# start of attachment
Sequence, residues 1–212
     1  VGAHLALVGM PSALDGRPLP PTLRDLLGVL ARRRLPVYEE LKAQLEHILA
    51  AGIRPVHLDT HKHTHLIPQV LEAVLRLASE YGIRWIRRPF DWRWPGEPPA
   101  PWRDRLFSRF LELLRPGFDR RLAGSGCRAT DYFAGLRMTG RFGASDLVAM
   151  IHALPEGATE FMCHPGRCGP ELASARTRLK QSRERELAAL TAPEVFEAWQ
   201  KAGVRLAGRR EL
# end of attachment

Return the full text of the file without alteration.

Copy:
Sequence, residues 1–212
     1  VGAHLALVGM PSALDGRPLP PTLRDLLGVL ARRRLPVYEE LKAQLEHILA
    51  AGIRPVHLDT HKHTHLIPQV LEAVLRLASE YGIRWIRRPF DWRWPGEPPA
   101  PWRDRLFSRF LELLRPGFDR RLAGSGCRAT DYFAGLRMTG RFGASDLVAM
   151  IHALPEGATE FMCHPGRCGP ELASARTRLK QSRERELAAL TAPEVFEAWQ
   201  KAGVRLAGRR EL